Emmys builds a ‘bubble’ inside the Staples Center
The 72nd Emmy Awards will likely go done as one of the most unique shows of all: Forget experimenting with no hosts, multiple hosts and other gimmicks — this year’s ceremonies were changed due to necessity thanks to (all at once now) the coronavirus pandemic.
With the idea of bringing together thousands of celebrities, crew members and other support stuff in an enclosed auditorium hardly ideal, ABC and the academy reimagined the entire approach with production designer Florian Wieder.
Instead of using its typical home of the Microsoft Theater, ABC moved to the Staples Center, the massive L.A. arena that’s home to the NBA teams the Lakers and Clippers (at least for now), NHL team the Kings, plus the city’s WNBA franchise the Sparks as well as the Avengers arena football team and numerous concerts and other special events, including the Grammys.
Somewhat ironically, the huge arena had most of its thousands of seats empty (some were filled with cardboard cutouts of celebs and a real Jason Bateman as a part of an opening gag) and built a draped off enclosed set in the middle of what appears to be the ice hockey configuration (hopefully sans the ice).
The show started with Kimmel coming out on stage and, thanks to a visual effect, making it appears like he was in front if a real audience in the Microsoft Theater, with audience reaction clips of laughter edited it in response to his jokes.
However, the trick was quickly revealed and showed that he was facing empty seats and standing in front of a relatively small video wall.
He then walked crossed the raised platform and down a small “tunnel” created by additional video walls into a circular studio built almost entirely of additional video walls.
The area also featured an oversized Emmy statuette sculpture as well as large theatrical style lighting pointing inward and was topped with dramatic “beams” radiating outward to form a sort of “crown” above the space.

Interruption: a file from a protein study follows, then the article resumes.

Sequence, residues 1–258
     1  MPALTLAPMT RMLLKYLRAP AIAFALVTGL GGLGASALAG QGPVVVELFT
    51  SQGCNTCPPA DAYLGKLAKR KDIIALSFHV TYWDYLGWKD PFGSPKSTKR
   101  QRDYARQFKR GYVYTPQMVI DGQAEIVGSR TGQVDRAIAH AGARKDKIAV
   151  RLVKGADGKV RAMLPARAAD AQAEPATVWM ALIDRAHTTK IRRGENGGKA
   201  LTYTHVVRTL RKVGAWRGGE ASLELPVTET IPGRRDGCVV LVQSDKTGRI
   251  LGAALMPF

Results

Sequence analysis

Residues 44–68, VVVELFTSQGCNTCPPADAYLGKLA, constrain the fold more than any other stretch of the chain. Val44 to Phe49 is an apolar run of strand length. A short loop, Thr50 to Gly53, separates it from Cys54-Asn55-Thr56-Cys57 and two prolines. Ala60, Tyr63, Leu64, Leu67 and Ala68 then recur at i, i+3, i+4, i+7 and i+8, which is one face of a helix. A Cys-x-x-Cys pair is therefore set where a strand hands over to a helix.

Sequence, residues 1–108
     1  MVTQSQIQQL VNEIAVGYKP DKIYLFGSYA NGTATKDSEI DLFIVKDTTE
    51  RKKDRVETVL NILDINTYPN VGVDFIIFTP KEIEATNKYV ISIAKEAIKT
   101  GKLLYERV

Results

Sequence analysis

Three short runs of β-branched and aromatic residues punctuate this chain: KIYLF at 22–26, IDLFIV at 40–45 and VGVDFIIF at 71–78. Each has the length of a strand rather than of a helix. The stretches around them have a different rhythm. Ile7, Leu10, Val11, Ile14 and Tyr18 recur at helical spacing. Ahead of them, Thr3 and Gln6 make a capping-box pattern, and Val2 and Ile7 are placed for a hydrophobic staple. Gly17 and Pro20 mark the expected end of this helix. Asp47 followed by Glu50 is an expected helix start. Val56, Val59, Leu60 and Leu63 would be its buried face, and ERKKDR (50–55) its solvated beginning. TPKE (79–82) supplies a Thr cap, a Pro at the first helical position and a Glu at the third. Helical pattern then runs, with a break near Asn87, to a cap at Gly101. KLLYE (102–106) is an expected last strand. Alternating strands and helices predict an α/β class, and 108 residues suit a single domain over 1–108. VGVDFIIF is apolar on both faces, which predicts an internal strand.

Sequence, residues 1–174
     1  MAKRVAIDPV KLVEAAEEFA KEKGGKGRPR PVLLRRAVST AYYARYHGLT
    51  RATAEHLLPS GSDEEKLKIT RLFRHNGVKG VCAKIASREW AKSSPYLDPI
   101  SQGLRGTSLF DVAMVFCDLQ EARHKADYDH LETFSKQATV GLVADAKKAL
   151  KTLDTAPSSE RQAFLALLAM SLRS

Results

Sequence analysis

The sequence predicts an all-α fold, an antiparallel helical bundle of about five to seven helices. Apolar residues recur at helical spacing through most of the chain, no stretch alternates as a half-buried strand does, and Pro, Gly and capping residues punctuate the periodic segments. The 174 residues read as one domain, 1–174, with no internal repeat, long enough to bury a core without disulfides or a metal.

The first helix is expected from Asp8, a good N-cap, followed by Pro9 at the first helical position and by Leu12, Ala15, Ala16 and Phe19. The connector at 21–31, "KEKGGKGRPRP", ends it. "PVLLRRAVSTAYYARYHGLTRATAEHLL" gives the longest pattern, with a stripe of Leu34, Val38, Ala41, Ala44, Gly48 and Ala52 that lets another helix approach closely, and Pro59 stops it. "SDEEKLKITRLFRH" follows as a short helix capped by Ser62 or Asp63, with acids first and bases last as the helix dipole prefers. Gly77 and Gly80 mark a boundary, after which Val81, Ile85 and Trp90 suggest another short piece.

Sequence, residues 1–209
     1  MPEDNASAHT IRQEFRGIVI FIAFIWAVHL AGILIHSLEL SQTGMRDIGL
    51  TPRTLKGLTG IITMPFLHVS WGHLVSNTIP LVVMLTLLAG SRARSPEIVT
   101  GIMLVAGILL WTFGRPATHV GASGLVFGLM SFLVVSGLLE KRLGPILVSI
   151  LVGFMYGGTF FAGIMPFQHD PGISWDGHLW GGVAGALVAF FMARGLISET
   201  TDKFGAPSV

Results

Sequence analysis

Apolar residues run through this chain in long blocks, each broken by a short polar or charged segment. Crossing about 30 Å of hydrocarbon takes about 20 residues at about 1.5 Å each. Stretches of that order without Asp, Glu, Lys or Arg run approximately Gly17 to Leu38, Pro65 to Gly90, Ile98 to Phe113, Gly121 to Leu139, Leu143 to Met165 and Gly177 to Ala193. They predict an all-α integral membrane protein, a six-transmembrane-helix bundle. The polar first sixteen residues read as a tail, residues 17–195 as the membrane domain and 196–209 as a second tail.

The circular studio was equipped with multiple robotic cameras that could move around the space on tracks hidden around the edges of the circular floor. At times, a handheld camera operator and assistant were also in the space to capture additional views.
The Emmys also forgoed its traditional orchestra in favor of a DJ with a special DJ booth in the 360-space.
While the script font looks that ABC used in its key art released earlier this year was used on the enveloped opened to reveal winners, the show graphics themselves used the familiar all calls, generously spaced and elegant rendition of the word “Emmys” in its titles, jumps and rejoins.
A common theme of the video wall graphics was a series of wide and narrow gradients that intersected with each other to showcase imagery of the statuette, nominees and a “virtual audience” wraparound graphic of the 100 feeds ABC had coming in from around the world.
The production also smartly used rectangles — some with an image of the statuette and some without — on the video panels, but left a generous amount of black space between each element.
These shapes could “flip” around. creating the effect of “floating” panels or “cubbies” that had the physics-defying ability to move. Thanks to careful lighting from Al Gurdon at Incandescent Design, there was almost no light washes on the panels, which, had beams of light reflected off the LED panels, ruined the effect.
This look was also frequently used in the wedge-shaped tunnel area to make it look like the person entering or exiting the space was walking down a hall of Emmys (though, again, with the supernatural ability to rotate in midair).
Insert graphics, which are typically used to label nominees and winners, features a simple gradient-based design with similar typography as the broadcast graphics package logo.
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Al Gurdon / Incandescent Design, Award Show, emmy, Emmy Awards, emmys, Florian Wieder, Jimmy Kimmel, los angeles, Primetime Emmy Awards, Primetime Emmys, ROE Visual, Staples Center
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